More recently, a scientific explanation for the phenomenon has been developed that involves tornadic waterspouts.

Waterspouts are capable of capturing objects and animals and lifting them into the air. Under this theory, waterspouts or tornados transport animals to relatively high altitudes, carrying them over large distances. The winds were capable of lifting the animals over a relatively wide area and allow them to fall in a concentrated fashion in a localized area.  More specifically, some tornadoes can completely suck up a pond, letting the water and animals fall some distance away in the form of a “rain of animals”.

This hypothesis appears supported by the type of animals in these rains: small and light, usually aquatic, it’s also supported by the fact that the rain of animals is often preceded by a storm. However, the theory does not account for how all the animals involved in each individual incident would be from only one species, and not a group of similarly-sized animals from a single area.

In the case of birds, storms may overcome a flock in flight, especially in times of migration.

The image to the right shows an example where a group of bats is overtaken by a thunderstorm. The image shows how the phenomenon could take place in some cases. In the image, the bats are in the red zone, which corresponds to winds moving away from the radar station, and enter into a mesocyclone associated with a tornado (in green).

These events may occur easily with birds in flight. In contrast, it is harder (here we have mistake in audio, should be harder not easier) to find a plausible explanation for rains of terrestrial animals. The enigma persists despite scientific studies.

Sometimes, scientists have been incredulous of extraordinary claims of rains of fish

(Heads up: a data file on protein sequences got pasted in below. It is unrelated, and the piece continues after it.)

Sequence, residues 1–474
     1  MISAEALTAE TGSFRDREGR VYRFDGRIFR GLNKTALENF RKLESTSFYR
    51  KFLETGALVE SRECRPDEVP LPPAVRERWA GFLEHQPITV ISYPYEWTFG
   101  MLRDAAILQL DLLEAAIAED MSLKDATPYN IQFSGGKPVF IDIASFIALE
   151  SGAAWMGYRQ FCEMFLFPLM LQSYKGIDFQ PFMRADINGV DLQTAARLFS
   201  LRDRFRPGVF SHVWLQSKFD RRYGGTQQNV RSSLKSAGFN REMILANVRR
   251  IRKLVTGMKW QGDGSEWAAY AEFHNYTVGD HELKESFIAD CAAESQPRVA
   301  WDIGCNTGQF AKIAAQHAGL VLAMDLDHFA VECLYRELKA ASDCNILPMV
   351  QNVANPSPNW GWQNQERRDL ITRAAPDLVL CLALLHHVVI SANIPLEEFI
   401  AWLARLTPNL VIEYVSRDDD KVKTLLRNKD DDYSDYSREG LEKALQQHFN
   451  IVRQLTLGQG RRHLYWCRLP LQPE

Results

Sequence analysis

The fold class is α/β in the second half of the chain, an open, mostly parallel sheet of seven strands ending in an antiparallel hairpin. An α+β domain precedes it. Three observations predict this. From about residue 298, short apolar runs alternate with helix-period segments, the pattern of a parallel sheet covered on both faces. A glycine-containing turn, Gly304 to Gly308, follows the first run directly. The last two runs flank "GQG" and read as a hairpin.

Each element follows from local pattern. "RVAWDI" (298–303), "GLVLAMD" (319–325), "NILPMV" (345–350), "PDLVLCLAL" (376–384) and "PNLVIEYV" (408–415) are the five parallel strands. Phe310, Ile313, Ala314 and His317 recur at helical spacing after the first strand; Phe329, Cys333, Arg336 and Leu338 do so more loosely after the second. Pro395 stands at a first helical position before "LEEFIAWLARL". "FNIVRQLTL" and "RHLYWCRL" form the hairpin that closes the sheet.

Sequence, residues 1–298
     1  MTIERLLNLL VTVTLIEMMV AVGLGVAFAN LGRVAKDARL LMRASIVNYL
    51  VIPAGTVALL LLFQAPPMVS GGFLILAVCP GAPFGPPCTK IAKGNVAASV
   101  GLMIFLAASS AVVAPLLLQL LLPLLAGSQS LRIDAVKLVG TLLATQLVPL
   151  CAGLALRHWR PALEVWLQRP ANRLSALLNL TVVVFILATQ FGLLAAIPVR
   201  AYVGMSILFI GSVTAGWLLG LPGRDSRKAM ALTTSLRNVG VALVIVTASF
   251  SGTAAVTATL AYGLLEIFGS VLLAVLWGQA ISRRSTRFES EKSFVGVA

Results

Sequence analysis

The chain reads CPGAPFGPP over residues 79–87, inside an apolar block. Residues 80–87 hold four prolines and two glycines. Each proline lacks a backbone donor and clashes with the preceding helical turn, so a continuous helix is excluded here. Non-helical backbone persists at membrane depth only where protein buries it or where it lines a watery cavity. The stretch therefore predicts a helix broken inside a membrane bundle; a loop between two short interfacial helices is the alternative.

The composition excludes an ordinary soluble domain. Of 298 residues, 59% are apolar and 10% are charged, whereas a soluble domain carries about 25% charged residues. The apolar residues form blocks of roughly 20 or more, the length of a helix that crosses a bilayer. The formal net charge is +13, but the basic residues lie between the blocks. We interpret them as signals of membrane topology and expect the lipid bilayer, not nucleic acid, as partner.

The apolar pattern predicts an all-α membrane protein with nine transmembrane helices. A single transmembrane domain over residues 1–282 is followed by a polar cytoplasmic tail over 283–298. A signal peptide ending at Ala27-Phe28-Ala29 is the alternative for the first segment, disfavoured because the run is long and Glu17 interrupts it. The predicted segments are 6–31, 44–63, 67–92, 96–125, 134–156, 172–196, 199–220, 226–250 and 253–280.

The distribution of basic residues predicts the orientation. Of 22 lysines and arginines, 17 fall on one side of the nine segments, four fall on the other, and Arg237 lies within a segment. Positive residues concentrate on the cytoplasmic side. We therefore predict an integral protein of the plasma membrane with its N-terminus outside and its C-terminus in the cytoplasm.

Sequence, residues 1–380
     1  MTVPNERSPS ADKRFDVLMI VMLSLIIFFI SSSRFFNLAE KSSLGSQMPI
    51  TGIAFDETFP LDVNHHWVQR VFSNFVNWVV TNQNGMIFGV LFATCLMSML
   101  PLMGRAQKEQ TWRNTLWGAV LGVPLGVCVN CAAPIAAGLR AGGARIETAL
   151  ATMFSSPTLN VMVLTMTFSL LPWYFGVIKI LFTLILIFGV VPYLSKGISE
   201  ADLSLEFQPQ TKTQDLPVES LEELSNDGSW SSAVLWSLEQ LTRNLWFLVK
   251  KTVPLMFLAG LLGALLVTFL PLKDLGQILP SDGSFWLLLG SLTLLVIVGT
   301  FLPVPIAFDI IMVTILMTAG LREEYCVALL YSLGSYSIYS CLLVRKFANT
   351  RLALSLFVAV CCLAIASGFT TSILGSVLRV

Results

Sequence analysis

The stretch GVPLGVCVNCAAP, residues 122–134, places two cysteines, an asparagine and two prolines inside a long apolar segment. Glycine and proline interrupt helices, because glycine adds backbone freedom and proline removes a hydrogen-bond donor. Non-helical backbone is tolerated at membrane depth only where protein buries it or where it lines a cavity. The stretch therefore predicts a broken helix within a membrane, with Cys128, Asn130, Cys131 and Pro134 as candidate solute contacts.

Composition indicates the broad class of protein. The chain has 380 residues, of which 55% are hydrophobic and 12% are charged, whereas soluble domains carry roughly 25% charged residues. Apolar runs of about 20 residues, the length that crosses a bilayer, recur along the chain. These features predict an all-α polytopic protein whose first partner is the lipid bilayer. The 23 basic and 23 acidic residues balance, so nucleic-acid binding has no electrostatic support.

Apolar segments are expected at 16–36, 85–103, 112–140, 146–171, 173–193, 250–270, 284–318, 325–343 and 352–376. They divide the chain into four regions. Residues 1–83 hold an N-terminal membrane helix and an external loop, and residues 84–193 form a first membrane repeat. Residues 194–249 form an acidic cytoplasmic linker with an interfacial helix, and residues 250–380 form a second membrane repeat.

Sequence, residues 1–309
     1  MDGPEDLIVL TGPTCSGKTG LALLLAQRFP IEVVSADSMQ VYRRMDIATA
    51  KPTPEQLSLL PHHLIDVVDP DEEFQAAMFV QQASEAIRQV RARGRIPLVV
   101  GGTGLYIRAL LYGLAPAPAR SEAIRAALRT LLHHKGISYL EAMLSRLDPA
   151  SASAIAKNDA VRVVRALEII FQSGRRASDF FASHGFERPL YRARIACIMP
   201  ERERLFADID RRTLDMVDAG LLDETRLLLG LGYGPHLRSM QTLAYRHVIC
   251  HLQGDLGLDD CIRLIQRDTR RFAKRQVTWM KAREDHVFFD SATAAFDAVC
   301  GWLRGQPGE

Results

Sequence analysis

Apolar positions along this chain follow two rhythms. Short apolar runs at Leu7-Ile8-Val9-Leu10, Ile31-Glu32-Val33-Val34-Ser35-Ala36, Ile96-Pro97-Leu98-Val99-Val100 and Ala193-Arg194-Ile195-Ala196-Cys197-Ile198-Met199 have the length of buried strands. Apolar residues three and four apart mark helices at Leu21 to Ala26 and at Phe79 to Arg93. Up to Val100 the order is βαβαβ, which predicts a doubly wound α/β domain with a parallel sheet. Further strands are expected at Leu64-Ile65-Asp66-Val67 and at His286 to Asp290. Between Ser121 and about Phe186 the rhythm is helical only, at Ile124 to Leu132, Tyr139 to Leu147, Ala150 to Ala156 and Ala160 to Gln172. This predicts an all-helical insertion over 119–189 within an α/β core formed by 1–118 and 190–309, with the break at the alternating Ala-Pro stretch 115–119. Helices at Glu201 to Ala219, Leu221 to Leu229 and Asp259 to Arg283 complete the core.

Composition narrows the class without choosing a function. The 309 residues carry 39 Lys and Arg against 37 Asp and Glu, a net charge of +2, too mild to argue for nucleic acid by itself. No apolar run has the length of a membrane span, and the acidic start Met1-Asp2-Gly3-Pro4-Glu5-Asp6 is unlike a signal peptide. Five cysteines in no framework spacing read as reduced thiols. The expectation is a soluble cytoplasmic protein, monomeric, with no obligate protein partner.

For example, in the case of a rain of fish in Singapore in 1861, French naturalist Francis de Laporte de Castelnau explained that the supposed rain took place during a migration of walking catfish, which are capable of dragging themselves over the land from one puddle to another. Thus, he argued that the appearance of fish on the ground immediately after a rain was easily explained, as these animals usually move over soft ground or after a rain.




  • Singapore, February 22, 1861
  • Olneyville, Rhode Island, May 15, 1900
  • Moose Jaw, Saskatchewan, July 1, 1903
  • Marksville, Louisiana, October 23, 1947
  • Kerala, India, February 12, 2008
  • Bhanwad, Jamnagar, India, October 24, 2009
  • Lajamanu, Northern Territory, Australia, February 25 and 26, 2010,
  • Loreto, Agusan del Sur, Philippines, January 13, 2012

Frogs and toads

  • Ishikawa Prefecture, Japan, June 2009 (occurrences reported throughout the month)
  • Rákóczifalva, Hungary, 18–20 June 2010 (twice)


  • Unidentified animal, which was thought to be a cow fell in California ripped to tiny pieces, August 1, 1869
  • Jellyfish fell from the sky in Bath, England, in 1894
  • Spiders fell from the sky in Salta Province, Argentina on April 6, 2007.
  • Worms dropped from the sky in Jennings, Louisiana, on July 11, 2007
  • According to a video, spiders fell from the sky in Santo Antônio da Platina, Brazil, on February 3, 2013. (However, it has been suggested as falling from a mass web between elevated poles.)



“Raining cats and dogs”

The English idiom “it is raining cats and dogs”, used to describe an especially heavy rain, is of unknown etymology, and is not necessarily related to the “raining animals” phenomenon. The phrase was used at least since the 17th century. A number of improbable folk etymologies have been put forward to explain the phrase


  • An “explanation” widely circulated by email claimed that in 16th-century Europe when peasant homes were commonly thatched, animals could crawl into the thatch to find shelter from the elements, and would fall out during heavy rain. However, there seems to be no evidence in support of either assertion.



  • Drainage systems on buildings in 17th-century Europe were poor, and may have disgorged their contents during heavy showers, including the corpses of any animals that had accumulated in them. This occurrence is documented in Jonathan Swift’s 1710 poem ‘Description of a City Shower’, in which he describes “Drowned puppies, stinking sprats, all drenched in mud,/Dead cats and turnip-tops come tumbling down the flood.”